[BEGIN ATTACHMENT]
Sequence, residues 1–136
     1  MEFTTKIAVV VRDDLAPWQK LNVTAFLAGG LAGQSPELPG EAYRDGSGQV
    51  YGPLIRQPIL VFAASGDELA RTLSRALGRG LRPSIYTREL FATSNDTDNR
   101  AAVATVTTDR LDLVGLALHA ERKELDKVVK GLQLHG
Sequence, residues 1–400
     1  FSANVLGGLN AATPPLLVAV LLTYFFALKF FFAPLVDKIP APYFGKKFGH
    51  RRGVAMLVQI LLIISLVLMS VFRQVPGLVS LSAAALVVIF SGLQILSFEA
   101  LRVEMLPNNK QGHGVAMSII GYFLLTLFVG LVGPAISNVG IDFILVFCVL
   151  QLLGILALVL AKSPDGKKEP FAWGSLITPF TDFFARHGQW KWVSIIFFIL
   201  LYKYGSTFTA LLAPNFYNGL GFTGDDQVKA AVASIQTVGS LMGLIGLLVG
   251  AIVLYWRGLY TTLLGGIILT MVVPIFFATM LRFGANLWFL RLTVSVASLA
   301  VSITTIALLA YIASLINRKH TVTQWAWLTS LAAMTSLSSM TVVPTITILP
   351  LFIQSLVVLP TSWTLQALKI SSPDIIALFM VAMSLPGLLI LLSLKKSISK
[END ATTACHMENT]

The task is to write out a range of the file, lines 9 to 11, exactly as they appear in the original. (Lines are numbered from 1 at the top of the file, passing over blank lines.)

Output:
   151  QLLGILALVL AKSPDGKKEP FAWGSLITPF TDFFARHGQW KWVSIIFFIL
   201  LYKYGSTFTA LLAPNFYNGL GFTGDDQVKA AVASIQTVGS LMGLIGLLVG
   251  AIVLYWRGLY TTLLGGIILT MVVPIFFATM LRFGANLWFL RLTVSVASLA